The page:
“And do not lead us into temptation . . .”
In our study of the Lord’s Prayer, we see that the final need we have is for protection. Jesus says, “And do not lead us into temptation, but deliver us from evil” (Matthew 6:13).
That raises the question, does God ever tempt us? Doesn’t it stand to reason that if Jesus said, “Pray that God wouldn’t lead you into temptation,” that maybe sometimes He does lead you into temptation? Why would you pray this prayer if it were not a possibility?
Let me be clear: God never tempts His children. James 1:13–14 says, “Let no one say when he is tempted, ‘I am being tempted by God,’ for God cannot be tempted by evil and He Himself does not tempt anyone. But each one is tempted when he is carried away and enticed by his own lust.” Never say, “I am being tempted by God.” God does not tempt anyone. He has zero to do with it. You know why temptation comes? James tells us. Each one is tempted when he is carried away, that means drawn by an inward power, and enticed, that means hooked, by his own lust. James said we fall into sin because we have corrupt desires on the inside and because Satan is dangling the right bait in front of us on the outside.
So how do we reconcile what James is saying here that God has no part in our temptation with Jesus’ clear instruction, “Do not lead us into temptation”? The only way to understand this apparent contradiction in Scripture is to know the difference between temptation and testing. Now, in English, we have two different words. We have one word, temptation, which means to entice to do evil. God never entices anybody to do evil. He never uses evil. He never wants people to commit evil. God never is involved in tempting people. That’s what Satan does. He tempts people in order to destroy them. On the other hand, we have another word, test. A test is a difficult circumstance that is used to strengthen our faith. Now, the Bible says God tests people all of the time. He tests His children, not to destroy them but to strengthen them. That’s why James 1:2–3 says, “Consider it all joy, my brethren, when you encounter various trials, knowing that the testing of your faith produces endurance.
Here’s where it gets interesting. Even though we have two different words in English, in the Greek language there’s only one word, peirasmós. That word sometimes means temptation, the enticement to do evil. And sometimes, that same word means test, a difficult situation to strengthen our faith. The meaning of the word depends on its context.
Now, a difficult situation can be both a temptation and a test at the same time. Let’s say the doctor says you have cancer. Is that a temptation or is it a test? Well, Satan will try to use that difficult situation to tempt you to deny God, to destroy your faith. So for Satan, it’s a temptation. But at the same time, God is using that difficult situation to test you, to strengthen your faith. Whether that difficult situation ends up being a temptation that destroys your faith or a test that strengthens your faith depends on your response to it.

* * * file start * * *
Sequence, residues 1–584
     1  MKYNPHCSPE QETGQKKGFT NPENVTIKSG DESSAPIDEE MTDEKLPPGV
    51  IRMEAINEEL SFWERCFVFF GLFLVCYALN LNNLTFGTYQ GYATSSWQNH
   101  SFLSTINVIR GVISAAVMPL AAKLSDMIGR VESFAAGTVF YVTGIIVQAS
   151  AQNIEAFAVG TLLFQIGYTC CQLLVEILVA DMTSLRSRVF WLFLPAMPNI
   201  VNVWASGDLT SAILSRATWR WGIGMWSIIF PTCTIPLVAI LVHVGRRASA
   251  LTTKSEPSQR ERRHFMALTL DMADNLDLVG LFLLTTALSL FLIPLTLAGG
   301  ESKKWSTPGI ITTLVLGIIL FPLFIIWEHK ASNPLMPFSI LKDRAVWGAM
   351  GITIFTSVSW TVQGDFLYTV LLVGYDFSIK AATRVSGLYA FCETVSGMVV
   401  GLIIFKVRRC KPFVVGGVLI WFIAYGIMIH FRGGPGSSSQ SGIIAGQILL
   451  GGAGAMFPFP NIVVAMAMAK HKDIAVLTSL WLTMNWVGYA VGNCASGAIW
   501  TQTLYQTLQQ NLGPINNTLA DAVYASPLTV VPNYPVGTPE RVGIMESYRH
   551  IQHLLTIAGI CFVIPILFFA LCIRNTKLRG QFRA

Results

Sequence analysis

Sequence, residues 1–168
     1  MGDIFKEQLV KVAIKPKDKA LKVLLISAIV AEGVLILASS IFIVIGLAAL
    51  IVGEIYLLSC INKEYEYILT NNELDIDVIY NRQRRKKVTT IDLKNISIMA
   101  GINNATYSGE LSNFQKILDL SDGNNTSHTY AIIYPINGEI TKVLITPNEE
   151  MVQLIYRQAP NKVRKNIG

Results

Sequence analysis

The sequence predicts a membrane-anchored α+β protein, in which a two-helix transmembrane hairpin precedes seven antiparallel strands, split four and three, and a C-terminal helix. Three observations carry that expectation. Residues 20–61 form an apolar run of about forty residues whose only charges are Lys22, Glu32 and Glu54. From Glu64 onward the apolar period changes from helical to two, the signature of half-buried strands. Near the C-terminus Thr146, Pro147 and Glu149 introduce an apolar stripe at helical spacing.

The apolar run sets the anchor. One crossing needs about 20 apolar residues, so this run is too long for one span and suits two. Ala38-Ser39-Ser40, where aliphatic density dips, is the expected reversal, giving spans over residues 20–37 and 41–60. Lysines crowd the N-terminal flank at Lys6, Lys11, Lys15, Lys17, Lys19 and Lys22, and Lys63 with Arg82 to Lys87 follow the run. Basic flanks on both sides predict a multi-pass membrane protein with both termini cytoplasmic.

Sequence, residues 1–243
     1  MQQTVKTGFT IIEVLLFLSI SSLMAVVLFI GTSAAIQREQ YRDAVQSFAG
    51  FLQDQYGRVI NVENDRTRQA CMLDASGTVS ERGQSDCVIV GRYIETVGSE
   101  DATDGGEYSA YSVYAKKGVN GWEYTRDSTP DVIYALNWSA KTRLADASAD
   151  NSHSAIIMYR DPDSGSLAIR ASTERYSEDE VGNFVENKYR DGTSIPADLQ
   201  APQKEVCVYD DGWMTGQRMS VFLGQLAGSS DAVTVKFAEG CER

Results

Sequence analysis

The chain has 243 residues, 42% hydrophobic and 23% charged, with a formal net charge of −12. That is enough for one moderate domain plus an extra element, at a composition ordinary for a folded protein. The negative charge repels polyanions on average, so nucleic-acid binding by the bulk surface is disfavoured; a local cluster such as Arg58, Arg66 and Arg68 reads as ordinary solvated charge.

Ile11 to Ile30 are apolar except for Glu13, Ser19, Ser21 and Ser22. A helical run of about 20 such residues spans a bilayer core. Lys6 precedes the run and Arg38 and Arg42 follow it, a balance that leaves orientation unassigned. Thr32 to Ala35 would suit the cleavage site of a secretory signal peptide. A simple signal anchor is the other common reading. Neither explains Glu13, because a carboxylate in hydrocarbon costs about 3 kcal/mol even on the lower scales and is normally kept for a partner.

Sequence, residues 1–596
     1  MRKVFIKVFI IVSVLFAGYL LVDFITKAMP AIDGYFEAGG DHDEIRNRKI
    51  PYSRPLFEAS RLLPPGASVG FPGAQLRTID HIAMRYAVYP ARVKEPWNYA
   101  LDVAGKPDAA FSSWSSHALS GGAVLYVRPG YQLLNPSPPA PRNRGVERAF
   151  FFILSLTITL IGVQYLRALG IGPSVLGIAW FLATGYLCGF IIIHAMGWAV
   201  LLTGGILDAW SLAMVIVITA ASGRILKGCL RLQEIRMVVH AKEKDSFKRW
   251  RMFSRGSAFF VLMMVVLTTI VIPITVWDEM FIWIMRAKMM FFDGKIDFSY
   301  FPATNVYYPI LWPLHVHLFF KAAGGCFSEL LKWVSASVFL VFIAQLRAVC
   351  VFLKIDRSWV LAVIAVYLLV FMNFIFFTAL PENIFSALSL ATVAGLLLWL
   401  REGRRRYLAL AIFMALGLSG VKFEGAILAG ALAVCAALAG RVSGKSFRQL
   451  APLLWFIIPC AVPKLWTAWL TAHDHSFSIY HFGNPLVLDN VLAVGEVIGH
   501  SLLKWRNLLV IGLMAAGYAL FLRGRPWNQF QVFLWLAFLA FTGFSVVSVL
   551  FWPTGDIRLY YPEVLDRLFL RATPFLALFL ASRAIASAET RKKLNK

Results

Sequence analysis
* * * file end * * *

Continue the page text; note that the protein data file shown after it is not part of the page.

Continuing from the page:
Think about Job. One day Satan came to God and said, “Look at Your servant Job. Look at all the good things He’s done for you. No wonder he worships You. But let me have a round or two with him. Let me touch him. Let me take away all of these blessings and he’ll curse You.” So God says, “Okay, you have at it.” God didn’t directly cause these problems, but He gave Satan permission, so He was ultimately responsible. Job didn’t know any of this. He’s just sitting there one day when all of a sudden he gets word that all his cattle have been destroyed. And then he gets another word that a freak windstorm collapsed the roof of his house and killed his ten children. Then he starts getting boils on his body and loses his health. All of these things in a short period of time. He goes through a tremendous time of testing. Satan is trying to use this difficult situation to destroy Job’s faith. But the same time, God is using this difficult situation to strengthen Job. And because Job ended up trusting in God, even though he didn’t understand why, these difficult circumstances became a test rather than a temptation.
Difficult situations are neither good nor bad. They’re a temptation or a test depending upon our response to them. So whenever we’re praying this prayer, we’re saying, “Lord, do not lead us into difficult situations, but deliver us from evil.”
Today’s devotion is excerpted from “The Truth About Testing,” by Dr. Robert Jeffress, 2010.
Scripture taken from the NEW AMERICAN STANDARD BIBLE®, Copyright © 1960,1962,1963,1968,1971,1972,1973,1975,1977,1995 by The Lockman Foundation. Used by permission.